Bay Point Island in Beaufort County is pictured during high tide on May 5, 2020. The island’s owners hope to build a high-end, 50-unit resort there, but there has been strong opposition to the plans from some local groups and South Carolina politicians. Miles Sanders / Charleston Post Courier

SC - Another Call to Reject Luxury 'Ecoresort' Plan for SC Barrier Island Comes as Review Nears

Another South Carolina politician is calling for a high-end “ecoresort” project for an undeveloped Lowcountry barrier island to be turned down, days before the plan is scheduled to be up for a vote.

The proposal, which calls for 50 villas along with spas, dining venues and other amenities on Bay Point Island in Beaufort County has attracted opposition for months, and a key decision on the project may be close: A county zoning board is supposed to review it next week.

U.S. Rep. Joe Cunningham, D-S.C., wrote to the zoning board Monday, urging members to reject the development’s request to be considered “ecotourism.” He described Bay Point in his letter as “an increasingly rare and invaluable natural resource” that serves as a refuge for wildlife and a buffer from intense storms.

A “large-scale resort” would “compromise each of the valuable benefits the island naturally provides,” wrote Cunningham, whose district includes Bay Point Island. The Democratic congressman is running against Republican challenger state Rep. Nancy Mace for the 1st Congressional District seat.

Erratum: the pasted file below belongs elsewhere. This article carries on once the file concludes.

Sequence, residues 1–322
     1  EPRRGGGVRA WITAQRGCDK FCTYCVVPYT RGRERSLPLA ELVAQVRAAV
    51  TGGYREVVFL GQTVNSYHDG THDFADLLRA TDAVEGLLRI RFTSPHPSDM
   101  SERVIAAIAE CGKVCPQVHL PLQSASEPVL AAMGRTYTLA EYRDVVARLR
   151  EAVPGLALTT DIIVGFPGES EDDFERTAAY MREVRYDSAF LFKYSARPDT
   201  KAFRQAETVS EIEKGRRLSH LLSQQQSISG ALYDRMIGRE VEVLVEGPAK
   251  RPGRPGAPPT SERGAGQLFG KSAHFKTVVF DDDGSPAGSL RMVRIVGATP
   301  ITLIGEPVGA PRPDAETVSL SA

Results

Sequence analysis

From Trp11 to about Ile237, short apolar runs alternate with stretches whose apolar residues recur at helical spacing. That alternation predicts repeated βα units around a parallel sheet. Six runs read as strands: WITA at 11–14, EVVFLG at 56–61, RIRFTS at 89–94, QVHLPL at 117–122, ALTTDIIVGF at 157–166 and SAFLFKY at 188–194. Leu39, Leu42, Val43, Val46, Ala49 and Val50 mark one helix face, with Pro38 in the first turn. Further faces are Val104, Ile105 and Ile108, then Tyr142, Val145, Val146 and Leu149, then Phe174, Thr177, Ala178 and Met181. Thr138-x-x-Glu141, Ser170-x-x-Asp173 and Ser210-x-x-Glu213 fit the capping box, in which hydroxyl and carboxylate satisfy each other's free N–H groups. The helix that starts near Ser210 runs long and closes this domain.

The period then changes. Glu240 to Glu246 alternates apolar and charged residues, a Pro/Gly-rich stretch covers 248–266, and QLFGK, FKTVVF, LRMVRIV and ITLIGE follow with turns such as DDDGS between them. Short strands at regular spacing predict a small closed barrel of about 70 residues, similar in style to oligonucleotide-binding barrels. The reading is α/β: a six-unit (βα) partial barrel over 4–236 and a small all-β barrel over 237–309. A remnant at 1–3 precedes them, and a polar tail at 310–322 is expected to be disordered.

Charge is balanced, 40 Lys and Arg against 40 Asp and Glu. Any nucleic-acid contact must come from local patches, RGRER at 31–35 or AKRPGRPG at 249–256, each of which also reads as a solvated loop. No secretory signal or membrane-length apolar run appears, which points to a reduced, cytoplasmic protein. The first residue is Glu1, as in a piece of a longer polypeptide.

Last month, Gov. Henry McMaster sent a letter to the zoning board calling on it to reject the resort as an ecotourism use. Cunningham’s letter raised some of the same points that the Republican governor had addressed.

Both politicians shared concerns about the development’s effects on native shorebirds and sea turtles, strain that infrastructure needs could put on Beaufort County resources and the risks of placing new buildings on an erosion-prone barrier island. They also questioned whether the plans were true “ecotourism.”

The ecotourism definition used by Beaufort County describes it as “responsible travel to natural areas that conserves the environment, sustains the well-being of the local people, and involves interpretation and education.”

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